Former Death Squad member reveals what it's like to murder someone
Mr Corona took to a life of crime at 12-years-old. (Picture: Getty)

A former hitman, who murdered at least eight people during his time as a member of a drug cartel’s elite Death Squad, has revealed what it is like to kill someone.

Martin Corona was once a paid member of the  Arellano-Félix Mexican cartel’s elite Death Squad, according to the New York Post.

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The cartel had dominated the Southern California drug trade.

But now, he is revealing all in his memoirs, in an effort to prevent other people taking the path he took.

‘I’m not proud of my past,’ Mr Corona said.

Former Death Squad member reveals what it's like to murder someone
Benjamin Arellano Felix (Picture: Reuters)

‘It’s really humiliating waking up and looking at yourself in the mirror knowing the things you’ve done.’

Now 53, Mr Corona has killed several individuals, including a soldier in Joaquín “El Chapo” Guzmán’s cartel.

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Growing up near San Diego, Mr Corona played Little League football and was a Boy Scout as a child.

But he turned to shoplifting and drug dealing when he was a 12, after a man who had tasked he and a friend to mow his lawn, paid the boys in marijuana instead of money.

He also claimed he lost ‘the trust factor’ when he find out the man who he had believed to be his biological father, was not.

Former Death Squad member reveals what it's like to murder someone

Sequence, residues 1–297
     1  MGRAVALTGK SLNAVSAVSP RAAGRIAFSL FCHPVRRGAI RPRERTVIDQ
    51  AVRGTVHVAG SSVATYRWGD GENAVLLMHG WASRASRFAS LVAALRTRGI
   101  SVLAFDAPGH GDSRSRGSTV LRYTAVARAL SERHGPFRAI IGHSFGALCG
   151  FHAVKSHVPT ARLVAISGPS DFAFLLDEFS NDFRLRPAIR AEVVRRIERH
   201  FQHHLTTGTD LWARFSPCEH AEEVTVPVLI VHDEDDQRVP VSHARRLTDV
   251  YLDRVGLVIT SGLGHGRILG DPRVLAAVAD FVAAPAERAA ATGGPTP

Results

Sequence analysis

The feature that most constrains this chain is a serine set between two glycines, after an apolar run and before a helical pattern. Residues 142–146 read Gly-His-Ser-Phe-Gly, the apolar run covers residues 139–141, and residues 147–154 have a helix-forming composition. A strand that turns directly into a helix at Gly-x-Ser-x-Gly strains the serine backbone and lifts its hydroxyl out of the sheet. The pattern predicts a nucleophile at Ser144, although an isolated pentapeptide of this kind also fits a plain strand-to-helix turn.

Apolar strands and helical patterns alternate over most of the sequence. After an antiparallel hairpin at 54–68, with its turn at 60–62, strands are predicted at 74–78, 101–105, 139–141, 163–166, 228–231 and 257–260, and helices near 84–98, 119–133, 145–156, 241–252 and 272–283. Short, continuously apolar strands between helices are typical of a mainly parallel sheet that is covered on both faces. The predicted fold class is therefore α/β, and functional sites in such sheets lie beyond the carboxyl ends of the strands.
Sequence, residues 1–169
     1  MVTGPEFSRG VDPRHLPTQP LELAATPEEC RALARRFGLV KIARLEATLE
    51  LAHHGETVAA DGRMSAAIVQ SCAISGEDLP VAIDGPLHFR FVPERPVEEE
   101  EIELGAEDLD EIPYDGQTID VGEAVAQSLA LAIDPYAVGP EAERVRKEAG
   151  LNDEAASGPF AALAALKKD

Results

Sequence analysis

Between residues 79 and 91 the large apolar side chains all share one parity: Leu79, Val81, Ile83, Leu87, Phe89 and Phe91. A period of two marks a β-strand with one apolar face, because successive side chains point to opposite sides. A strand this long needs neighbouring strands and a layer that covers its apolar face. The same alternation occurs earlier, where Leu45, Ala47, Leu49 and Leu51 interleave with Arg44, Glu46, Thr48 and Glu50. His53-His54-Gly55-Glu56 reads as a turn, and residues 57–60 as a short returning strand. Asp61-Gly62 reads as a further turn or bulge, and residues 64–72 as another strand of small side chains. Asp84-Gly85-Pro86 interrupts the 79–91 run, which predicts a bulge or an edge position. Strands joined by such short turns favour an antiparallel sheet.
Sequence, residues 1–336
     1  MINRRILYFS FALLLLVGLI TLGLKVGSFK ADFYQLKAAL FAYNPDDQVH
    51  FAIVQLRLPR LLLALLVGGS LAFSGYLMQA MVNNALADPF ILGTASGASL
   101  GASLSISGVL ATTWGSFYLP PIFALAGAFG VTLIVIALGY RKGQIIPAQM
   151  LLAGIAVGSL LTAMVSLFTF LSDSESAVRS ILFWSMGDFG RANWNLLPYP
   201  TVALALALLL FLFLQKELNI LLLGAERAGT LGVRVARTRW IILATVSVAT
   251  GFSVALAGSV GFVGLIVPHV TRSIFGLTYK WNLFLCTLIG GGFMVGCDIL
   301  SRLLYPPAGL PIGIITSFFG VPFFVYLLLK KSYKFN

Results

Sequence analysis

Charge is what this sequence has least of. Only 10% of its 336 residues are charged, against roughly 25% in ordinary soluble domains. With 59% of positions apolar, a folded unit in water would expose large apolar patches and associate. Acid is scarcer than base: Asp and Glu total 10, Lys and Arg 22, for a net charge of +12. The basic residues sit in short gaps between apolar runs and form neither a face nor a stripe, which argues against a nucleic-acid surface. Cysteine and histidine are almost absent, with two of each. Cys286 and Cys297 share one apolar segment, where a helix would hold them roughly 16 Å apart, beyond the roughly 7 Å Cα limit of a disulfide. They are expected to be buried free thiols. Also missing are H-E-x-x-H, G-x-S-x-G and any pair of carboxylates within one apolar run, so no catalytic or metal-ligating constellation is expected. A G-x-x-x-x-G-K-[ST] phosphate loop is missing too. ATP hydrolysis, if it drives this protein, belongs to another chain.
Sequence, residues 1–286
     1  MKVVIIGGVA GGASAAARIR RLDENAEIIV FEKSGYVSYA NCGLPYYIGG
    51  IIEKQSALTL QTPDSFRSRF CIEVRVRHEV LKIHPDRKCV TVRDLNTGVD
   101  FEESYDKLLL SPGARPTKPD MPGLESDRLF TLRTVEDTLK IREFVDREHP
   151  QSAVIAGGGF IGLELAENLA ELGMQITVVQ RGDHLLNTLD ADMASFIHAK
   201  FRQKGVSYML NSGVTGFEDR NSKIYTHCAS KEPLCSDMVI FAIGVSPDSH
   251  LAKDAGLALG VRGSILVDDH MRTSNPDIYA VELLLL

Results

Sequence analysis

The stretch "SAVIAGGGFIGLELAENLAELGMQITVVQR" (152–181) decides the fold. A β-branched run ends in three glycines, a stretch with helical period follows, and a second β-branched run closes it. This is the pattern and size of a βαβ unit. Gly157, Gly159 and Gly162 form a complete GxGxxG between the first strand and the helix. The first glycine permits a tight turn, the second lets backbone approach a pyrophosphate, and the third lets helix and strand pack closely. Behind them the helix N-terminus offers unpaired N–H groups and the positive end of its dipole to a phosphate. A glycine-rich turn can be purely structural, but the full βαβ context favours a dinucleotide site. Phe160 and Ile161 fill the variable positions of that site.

His memoirs reveal the sordid details of his life (Picture: Penguin Publishing Group)

After spending many of his early years in juvenile detention, Mr Corona made connections which eventually secured him a job in the cartel.

‘These people accepted me. They treated me with respect, and at the time, it seemed like admiration and love,’ he said.

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As an enforcer, he would sit in a Mexican house for five days a week, waiting for the call of his next job.

On one assignment, he was told to shoot two Tijuana women who were suspected of informing.

After shooting the women as they sat in car, Mr Corona looked in the back seat and found the seven-year-old daughter of one of them.

It was this job that prompted Mr Corona to leave the cartel, 16 months after he started working for it.

He later found out that the government had an extensive file on his cartel activity.

He decided to make a deal with prosecutors in exchange for testimony against other enforcers and several high-level cartel members.

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Mr Corona is now in witness protection, but insists he does not fear his enemies coming after him as he did not get to where he was ‘being a coward’.

‘I’m not gonna sit there and be looking over my shoulder and live in fear the rest of my life,’ he said.

Mr Corona’s memoirs Confessions of a Cartel Hit Man will be published on July 25.

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